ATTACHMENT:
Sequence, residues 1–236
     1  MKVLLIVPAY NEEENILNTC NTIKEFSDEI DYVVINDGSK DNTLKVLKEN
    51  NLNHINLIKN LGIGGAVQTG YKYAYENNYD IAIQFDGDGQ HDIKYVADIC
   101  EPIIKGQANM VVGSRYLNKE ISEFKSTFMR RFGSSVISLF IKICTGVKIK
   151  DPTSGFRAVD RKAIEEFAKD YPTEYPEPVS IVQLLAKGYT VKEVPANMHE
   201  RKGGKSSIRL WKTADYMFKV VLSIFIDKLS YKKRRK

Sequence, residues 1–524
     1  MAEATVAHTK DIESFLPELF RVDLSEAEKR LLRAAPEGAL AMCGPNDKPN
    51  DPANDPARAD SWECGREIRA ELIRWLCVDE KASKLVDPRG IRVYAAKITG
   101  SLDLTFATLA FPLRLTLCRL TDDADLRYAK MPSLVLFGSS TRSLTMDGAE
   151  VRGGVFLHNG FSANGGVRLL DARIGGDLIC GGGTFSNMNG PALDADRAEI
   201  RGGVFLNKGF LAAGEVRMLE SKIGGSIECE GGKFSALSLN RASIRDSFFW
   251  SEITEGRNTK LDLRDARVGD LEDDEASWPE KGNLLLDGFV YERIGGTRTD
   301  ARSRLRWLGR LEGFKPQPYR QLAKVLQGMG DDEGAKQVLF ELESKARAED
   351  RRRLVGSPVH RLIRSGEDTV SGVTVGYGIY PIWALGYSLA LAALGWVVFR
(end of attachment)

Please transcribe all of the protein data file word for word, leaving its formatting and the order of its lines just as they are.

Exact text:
Sequence, residues 1–236
     1  MKVLLIVPAY NEEENILNTC NTIKEFSDEI DYVVINDGSK DNTLKVLKEN
    51  NLNHINLIKN LGIGGAVQTG YKYAYENNYD IAIQFDGDGQ HDIKYVADIC
   101  EPIIKGQANM VVGSRYLNKE ISEFKSTFMR RFGSSVISLF IKICTGVKIK
   151  DPTSGFRAVD RKAIEEFAKD YPTEYPEPVS IVQLLAKGYT VKEVPANMHE
   201  RKGGKSSIRL WKTADYMFKV VLSIFIDKLS YKKRRK

Sequence, residues 1–524
     1  MAEATVAHTK DIESFLPELF RVDLSEAEKR LLRAAPEGAL AMCGPNDKPN
    51  DPANDPARAD SWECGREIRA ELIRWLCVDE KASKLVDPRG IRVYAAKITG
   101  SLDLTFATLA FPLRLTLCRL TDDADLRYAK MPSLVLFGSS TRSLTMDGAE
   151  VRGGVFLHNG FSANGGVRLL DARIGGDLIC GGGTFSNMNG PALDADRAEI
   201  RGGVFLNKGF LAAGEVRMLE SKIGGSIECE GGKFSALSLN RASIRDSFFW
   251  SEITEGRNTK LDLRDARVGD LEDDEASWPE KGNLLLDGFV YERIGGTRTD
   301  ARSRLRWLGR LEGFKPQPYR QLAKVLQGMG DDEGAKQVLF ELESKARAED
   351  RRRLVGSPVH RLIRSGEDTV SGVTVGYGIY PIWALGYSLA LAALGWVVFR